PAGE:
Macron's victory in France has got me wondering what would be the best way to capture the phrase "En Marche" in Latin?

My first thought was to use the incedere with perhaps prorsus, but the English meaning of "to march" is probably intruding into my thinking. Alternatively, there's progredior, which might work best, as it can refer to normal going forward or military marching (cf. Caesar Bellum Gallicum 7.14).

Any other suggestions on how to best capture the French idiom?


In French, en marche has the sense of "moving forwards." If a train is en marche, it's currently in motion. While in ordinary language marche can mean step or walk, there is a sense still related to the English march (which, of course, is related to it). "Marching on" means going forward, and of course "going forward" is neatly tied to the idea of "progress."

Perhaps a native French speaker with an ear to current usage can add any further detail.

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    I would be inlined towards a gerund or an adhorative: progrediamur! It also depends on which possible context of the phrase you want to capture.
    – Cerberus
    Commented May 7, 2017 at 22:59
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    Bearing in mind how the optative andiamo fills all sorts of needs in Italian, perhaps the 1st pl. present of the Latin etymons would work. ambulamus or the vulgar Latin ambitamus, "We are on our way."
    – Hugh
    Commented May 7, 2017 at 23:03
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    The slogan is "En marche !" with the exclamation point. This punctuation gives more hints at what it conveys. The meaning is when you're on the verge to start walking in a group and everybody is waiting for the "let's go" signal. "En marche !" is one of those possible signals, such as "let's go" could be. The exclamation point is a very important part of the slogan. Commented May 8, 2017 at 8:16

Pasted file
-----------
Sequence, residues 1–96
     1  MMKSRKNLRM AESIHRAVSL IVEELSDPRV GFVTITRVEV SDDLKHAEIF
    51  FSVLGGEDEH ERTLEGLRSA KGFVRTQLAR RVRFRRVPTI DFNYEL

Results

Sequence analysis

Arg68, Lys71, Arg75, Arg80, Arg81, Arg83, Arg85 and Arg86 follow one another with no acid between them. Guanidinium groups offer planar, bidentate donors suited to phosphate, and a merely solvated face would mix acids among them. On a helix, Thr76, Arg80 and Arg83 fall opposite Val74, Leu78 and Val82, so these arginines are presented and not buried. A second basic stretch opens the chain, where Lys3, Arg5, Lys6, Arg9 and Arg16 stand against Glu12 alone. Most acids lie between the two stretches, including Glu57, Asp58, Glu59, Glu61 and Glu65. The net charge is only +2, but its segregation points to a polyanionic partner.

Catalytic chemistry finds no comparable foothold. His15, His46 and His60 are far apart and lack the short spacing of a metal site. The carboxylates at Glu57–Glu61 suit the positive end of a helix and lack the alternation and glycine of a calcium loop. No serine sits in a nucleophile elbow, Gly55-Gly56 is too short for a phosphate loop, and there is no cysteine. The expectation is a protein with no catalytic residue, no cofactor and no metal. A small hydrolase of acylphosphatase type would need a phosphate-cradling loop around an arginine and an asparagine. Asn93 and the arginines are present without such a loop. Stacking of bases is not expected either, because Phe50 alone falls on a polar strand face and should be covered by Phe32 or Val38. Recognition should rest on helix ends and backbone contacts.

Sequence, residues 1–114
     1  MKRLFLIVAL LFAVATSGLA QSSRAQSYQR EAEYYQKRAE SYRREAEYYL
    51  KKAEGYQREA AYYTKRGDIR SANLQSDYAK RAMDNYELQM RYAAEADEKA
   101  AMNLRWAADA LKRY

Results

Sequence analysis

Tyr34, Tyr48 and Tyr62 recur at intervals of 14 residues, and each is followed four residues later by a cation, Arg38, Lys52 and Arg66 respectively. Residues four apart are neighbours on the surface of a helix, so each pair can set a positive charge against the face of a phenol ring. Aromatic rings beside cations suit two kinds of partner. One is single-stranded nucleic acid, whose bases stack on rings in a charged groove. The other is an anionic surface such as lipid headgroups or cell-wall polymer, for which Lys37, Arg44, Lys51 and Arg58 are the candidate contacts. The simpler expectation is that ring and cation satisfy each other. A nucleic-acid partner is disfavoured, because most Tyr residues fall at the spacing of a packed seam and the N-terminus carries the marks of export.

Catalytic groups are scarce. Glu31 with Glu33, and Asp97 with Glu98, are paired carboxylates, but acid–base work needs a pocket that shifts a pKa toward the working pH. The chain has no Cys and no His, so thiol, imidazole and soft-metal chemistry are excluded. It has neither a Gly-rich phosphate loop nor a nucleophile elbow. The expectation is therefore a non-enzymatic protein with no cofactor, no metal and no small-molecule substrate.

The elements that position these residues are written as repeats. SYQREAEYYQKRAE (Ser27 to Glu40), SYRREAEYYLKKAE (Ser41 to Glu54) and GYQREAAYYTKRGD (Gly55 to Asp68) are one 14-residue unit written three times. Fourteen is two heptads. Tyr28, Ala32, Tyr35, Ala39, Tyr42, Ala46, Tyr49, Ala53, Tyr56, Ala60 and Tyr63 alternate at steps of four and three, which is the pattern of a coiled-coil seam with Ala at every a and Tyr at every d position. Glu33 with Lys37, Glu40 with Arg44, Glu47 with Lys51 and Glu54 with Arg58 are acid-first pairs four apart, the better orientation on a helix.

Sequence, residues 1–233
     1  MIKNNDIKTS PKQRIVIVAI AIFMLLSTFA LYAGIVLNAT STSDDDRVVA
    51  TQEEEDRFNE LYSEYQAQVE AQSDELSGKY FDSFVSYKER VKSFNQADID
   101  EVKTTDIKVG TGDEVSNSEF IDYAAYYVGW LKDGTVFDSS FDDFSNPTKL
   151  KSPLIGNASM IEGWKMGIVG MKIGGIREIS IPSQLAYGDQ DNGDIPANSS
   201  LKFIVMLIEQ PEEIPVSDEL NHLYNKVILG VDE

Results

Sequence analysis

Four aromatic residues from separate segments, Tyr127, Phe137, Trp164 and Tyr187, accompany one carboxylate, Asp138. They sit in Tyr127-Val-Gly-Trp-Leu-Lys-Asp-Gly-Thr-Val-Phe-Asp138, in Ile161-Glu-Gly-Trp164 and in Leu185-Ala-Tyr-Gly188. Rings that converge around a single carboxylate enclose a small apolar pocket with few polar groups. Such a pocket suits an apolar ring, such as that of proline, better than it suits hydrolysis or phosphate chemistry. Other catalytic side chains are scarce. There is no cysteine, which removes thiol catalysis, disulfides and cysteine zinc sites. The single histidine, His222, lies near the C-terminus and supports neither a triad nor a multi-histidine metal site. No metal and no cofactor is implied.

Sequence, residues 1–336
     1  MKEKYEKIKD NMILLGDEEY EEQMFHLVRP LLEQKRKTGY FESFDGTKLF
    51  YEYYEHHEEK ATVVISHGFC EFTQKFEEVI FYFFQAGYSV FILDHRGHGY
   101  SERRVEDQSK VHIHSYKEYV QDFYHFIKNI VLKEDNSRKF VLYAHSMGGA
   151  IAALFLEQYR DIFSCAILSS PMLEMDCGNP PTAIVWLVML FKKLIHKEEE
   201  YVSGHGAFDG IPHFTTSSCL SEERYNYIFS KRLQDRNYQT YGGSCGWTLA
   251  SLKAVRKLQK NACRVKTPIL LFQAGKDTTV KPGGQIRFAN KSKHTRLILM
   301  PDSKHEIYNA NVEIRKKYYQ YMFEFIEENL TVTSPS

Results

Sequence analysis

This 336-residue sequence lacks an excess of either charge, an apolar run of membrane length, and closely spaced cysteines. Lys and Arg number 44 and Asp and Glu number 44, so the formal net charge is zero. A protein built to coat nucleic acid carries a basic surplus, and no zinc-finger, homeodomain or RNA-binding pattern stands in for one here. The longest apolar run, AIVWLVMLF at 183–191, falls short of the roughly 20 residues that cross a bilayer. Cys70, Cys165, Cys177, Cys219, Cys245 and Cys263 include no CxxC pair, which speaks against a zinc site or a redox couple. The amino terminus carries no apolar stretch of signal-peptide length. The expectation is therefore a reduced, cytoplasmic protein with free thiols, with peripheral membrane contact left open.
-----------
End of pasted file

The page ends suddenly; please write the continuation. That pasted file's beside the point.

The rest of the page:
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    Plus ultra? It's been used for centuries.
    – Alex B.
    Commented May 8, 2017 at 20:38
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    Everyone, please stop answering in the comments. Write your answers as answers. An answer does not have to be wonderful to be useful. Posting an imperfect answers is far better than commenting, and it helps the site.
    – Joonas Ilmavirta
    Commented May 8, 2017 at 20:47

3 Answers 3


Quo Eundum!

Hard to translate, but the idea is: Let's go where we should!

(See explanation of new answer in my post script at bottom of page.)



Keep going!

My suggestion is a simple imperative. This, admittedly, is without knowing the nuance and origin of En Marche! in French. My French knowledge does, however, tell me how important the phrases " ca (with cedille) marche." and "ca ne marche pas" are. That works. That doesn't work. My suggestion is only capturing the idea of movement forward.

cf. Forza, Italia! (Go, Italy!), the Italian soccer cheer, coopted for political purposes.

See Lewis and Short entry for pergo, pergere:

In gen., to go on, continue, proceed with any thing (esp. a motion), to pursue with energy, prosecute vigorously

From Cicero Ad Familiares, 7,18:

qua re perge, ut coepisti; forti animo istam tolera militiam.

Therefore, go on as you have begun: endure your military service with a strong spirit.

I thought I knew perge from medieval mottos, but apparently I only know it from a prep school in NYC called St. Bernard's.

Perge sed caute

Go forward, but be cautious.



Another possible translation of the idea of En Marche!:

Pergentes quo eundum est!


Quo eundum est!

or just:

Quo Eundum!

As you can tell by my original answer, I liked the verb pergere to show movement forward. I agreed with comments about possible use of gerund or gerundive. I myself had been wondering about a participle. So, I did a search on gerund and participle forms. I found an intriguing sentence in Seneca that gave me the ideas above. It is in a discussion of the right way to live.

Seneca De Vita Beata, VII,1 (accessed on Perseus)

Nihil ergo magis praestandum est, quam ne pecorum ritu sequamur antecedentium gregem, pergentes non quo eundum est, sed quo itur.